I have been asked about the riding outfit of the Achaemenid Great King Cyrus the Great , hence I decided to do a little entry on the so called Median Cloak - kandys or kantuš, that essentially it was a riding coat of the Persians and ... the Eurasian steppe horsemen.
But first about Cyrus or rather his tomb, for it is a list of garments and weapons found there when Alexander entered the tomb, some 200 years after Cyrus' death (Persian clothing in general ), according to the Arrian's depiction of the Cyrus tomb (Anabasis, 6.29.6) - which in my opinion is the closest depiction on the Great King riding costume (via one of the best books on the reconstructed Achaemenid Persian army by prof. Sekunda and illustrator Simon Chew) :
there we have: a kandys (Median cloak), tunics of Babylonian workmanship and some other tunics, Median anaxyrides (pants); colors of these garments - hyacinth(dark blue) and purple, and perhaps yellow (from saffron); neck torques (gold), akinaka (short swords), earrings of gold. Therefore, I daresay he would not wear the Elamite/Persian robe when mounted. On his head he would wear a form of a Persian hood (tiara or kyrbasia) or kitaris, perhaps bound with a blue diadem with a white decoration (from Curtius' description in Historiae Alexandri Magni)
Kandyses from Persepolis
Encyclopedia Iranica has a nice entry on the subject but in it strongly disclaims any connection between etymology of 'kantus' and Polish-Hungarian 'Kontusz' in their entry on 'candys' - so it may be so in etymological sense but clearly there is a connection between the Polish-Hungarian garments and Median kandys.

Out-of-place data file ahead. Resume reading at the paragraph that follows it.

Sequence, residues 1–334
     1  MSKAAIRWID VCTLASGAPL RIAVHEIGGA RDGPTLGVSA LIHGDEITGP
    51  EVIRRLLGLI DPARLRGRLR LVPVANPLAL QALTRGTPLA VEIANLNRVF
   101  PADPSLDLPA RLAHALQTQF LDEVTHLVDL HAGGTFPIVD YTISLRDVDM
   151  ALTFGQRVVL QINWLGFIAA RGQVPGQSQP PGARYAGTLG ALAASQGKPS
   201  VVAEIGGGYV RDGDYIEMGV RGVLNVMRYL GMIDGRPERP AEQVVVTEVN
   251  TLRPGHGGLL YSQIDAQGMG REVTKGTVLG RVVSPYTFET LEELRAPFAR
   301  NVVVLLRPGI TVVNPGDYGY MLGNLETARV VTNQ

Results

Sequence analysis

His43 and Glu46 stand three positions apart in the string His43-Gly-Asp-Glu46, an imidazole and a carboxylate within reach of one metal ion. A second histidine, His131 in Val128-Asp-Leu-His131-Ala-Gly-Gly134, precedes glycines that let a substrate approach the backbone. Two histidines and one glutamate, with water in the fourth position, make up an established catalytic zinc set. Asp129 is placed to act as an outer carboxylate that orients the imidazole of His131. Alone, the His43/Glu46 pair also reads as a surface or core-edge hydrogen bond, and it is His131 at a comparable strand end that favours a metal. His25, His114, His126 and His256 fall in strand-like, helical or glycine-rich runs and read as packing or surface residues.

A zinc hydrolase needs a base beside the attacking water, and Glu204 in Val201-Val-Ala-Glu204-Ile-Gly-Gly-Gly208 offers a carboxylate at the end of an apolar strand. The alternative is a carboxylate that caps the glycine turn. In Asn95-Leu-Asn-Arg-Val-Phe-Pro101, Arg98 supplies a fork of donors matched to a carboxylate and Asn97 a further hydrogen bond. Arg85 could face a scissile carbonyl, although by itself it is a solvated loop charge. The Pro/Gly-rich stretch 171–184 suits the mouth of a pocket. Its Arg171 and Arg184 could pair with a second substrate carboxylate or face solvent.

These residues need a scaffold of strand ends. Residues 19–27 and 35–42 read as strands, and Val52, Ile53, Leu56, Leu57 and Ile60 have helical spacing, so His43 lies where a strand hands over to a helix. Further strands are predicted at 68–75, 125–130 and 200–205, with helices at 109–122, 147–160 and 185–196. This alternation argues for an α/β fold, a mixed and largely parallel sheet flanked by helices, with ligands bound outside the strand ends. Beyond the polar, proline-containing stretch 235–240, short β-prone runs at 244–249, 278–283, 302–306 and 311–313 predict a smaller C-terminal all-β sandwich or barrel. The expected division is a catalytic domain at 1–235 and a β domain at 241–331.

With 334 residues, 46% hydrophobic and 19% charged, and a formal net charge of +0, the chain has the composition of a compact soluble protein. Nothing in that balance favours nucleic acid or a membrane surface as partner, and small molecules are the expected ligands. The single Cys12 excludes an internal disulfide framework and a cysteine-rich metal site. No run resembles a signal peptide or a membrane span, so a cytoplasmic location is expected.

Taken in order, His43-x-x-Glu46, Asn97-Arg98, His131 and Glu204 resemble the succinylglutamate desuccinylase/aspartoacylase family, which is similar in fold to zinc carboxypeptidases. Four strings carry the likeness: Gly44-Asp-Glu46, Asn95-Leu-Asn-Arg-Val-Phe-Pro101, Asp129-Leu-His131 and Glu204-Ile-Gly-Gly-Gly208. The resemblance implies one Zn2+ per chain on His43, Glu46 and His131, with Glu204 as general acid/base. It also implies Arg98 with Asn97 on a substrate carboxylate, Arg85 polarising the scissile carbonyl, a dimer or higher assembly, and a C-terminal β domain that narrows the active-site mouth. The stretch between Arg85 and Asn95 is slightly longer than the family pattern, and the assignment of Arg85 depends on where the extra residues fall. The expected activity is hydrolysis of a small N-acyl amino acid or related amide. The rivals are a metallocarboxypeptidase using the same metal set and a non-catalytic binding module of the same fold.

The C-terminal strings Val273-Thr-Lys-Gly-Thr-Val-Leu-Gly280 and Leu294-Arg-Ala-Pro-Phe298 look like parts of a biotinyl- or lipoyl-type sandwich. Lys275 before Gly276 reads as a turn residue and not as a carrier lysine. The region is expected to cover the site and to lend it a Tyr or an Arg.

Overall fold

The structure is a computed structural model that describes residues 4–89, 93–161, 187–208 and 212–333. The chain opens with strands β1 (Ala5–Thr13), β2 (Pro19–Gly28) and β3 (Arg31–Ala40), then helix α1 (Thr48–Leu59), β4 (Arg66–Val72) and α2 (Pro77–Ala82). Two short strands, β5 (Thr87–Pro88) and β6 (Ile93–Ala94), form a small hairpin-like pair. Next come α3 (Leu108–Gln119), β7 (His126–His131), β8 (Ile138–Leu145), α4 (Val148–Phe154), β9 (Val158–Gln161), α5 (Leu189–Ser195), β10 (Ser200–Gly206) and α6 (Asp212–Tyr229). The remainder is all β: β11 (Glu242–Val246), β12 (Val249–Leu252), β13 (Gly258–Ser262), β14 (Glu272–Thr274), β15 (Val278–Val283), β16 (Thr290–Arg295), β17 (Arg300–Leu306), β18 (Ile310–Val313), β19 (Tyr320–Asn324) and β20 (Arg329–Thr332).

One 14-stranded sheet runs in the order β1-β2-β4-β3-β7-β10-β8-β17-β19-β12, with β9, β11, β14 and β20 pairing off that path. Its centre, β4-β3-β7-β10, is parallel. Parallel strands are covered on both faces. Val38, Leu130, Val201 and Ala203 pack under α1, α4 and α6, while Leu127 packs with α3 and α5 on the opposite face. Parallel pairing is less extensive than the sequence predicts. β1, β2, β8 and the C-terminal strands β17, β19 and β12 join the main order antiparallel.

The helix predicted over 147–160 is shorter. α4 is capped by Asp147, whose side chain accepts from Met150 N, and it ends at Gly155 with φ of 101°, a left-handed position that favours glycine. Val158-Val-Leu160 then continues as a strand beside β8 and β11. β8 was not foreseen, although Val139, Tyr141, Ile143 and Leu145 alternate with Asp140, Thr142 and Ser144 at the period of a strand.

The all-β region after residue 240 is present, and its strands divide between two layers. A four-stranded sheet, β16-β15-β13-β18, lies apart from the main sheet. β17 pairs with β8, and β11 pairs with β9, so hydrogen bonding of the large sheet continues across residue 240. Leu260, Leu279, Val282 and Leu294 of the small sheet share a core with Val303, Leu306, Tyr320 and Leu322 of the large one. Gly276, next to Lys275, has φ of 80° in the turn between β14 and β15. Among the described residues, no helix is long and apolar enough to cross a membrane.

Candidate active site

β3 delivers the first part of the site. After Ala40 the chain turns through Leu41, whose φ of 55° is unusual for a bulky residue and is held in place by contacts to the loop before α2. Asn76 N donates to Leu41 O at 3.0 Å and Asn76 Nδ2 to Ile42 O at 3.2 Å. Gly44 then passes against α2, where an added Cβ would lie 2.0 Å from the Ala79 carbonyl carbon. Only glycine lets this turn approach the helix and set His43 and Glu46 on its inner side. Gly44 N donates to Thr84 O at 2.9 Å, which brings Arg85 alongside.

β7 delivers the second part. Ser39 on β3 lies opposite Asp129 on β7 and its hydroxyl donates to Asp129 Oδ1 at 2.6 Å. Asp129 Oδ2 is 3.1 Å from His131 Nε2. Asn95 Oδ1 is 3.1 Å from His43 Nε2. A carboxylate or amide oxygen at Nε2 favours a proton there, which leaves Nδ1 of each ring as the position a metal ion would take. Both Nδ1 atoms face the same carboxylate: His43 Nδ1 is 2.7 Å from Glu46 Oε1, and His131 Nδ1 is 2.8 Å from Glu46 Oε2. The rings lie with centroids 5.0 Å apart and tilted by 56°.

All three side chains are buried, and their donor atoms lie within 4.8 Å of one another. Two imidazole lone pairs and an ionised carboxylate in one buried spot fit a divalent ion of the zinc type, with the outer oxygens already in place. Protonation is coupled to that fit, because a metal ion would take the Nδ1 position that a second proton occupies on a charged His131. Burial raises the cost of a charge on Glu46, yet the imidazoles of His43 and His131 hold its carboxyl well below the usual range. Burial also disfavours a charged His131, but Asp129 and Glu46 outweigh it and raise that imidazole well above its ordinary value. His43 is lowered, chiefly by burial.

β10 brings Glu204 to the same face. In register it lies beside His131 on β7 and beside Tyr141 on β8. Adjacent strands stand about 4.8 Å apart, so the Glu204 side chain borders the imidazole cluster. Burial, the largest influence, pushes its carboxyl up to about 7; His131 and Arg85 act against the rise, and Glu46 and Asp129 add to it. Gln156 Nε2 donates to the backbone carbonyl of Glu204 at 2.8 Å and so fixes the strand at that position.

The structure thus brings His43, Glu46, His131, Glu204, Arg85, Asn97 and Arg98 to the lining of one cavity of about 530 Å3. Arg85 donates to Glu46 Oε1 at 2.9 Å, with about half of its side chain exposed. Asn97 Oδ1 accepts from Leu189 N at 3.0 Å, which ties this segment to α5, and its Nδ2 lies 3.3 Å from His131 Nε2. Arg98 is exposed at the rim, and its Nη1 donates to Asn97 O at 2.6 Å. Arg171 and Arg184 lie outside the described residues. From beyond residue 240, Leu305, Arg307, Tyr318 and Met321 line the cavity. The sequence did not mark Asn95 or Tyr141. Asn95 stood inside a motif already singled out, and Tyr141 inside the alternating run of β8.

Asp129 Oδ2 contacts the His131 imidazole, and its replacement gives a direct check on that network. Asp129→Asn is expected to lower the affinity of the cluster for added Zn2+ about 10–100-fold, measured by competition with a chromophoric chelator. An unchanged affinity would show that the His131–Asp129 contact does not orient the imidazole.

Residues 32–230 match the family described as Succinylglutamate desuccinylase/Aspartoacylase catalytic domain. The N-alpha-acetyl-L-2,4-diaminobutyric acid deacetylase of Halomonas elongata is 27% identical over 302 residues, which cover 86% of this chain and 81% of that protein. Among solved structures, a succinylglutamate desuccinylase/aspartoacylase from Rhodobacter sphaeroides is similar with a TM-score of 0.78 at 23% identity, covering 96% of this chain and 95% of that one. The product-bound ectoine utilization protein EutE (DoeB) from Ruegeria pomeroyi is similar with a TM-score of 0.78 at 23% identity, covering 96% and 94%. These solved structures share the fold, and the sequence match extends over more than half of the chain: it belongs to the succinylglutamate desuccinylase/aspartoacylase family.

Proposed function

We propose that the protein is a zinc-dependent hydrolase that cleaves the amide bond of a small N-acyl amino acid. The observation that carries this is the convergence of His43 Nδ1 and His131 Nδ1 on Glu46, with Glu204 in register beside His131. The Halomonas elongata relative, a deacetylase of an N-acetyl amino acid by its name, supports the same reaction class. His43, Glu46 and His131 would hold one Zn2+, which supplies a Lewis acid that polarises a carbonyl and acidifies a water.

Sergey Yatsenko, in his work ''Costume of the Ancient Eurasia (the Iranian-Speaking Peoples)'' Moscow 2006, writes that kandys was a long garment with sleeves longer than one's arms (sleeves like the Hungarian hussar jacket), that it had a turn down collar, and it had a pair or ribbons or strings at the neck/collar to tie it up on one's chest or shoulders. Sleeves of the Persians seemed to have been narrow whereas the sleeves of the Saka/Scythian kandys/riding coat were wide (vide UkokPlateau)
Furthermore dr Yatsenko writes that kandys was an ancient Indo-Iranian garment, and the ancestors of the Persians already had a special, thicker, parade-like fur coat. Persian riding coat seemed to have been a thinner one, a cloak with sleeves. But is was a garment worn by the Persian kings and warriors/nobility at hunt and at war (as described by Xenophon ).
Oxus treasure, they had the entire front lapels decorated with fur, while around the neck there was a hood or a collar. They wore kandys hanging it off the shoulders, with ribbons or strings tied in front, holding it on one's trunk. Light purple kandys might have been the particular king's coat.
Datames who is thought to have reformed the Persian army in IV BC century.
So called Alexander Sarcophagus of Sidon:
Kandys is visible in the Partian art eg coins of various Parthian kings, we know from the description of Carrhae battle that the eventually victorious Parthians and Sarmatians fighting for Rustam Suren that they had coats (perhaps leather ones) to cover their armor.
Commagene king's kandys
Bahram II and figures wearing coats fastened with clasps
Sassanian grafito from Persepolis - showing a kandys on a horseman( more coats in the link to Calieri's article)
Roman riding coat from Egypt VII century AD
some primary sources (websites in the links) for the Achaemenid era: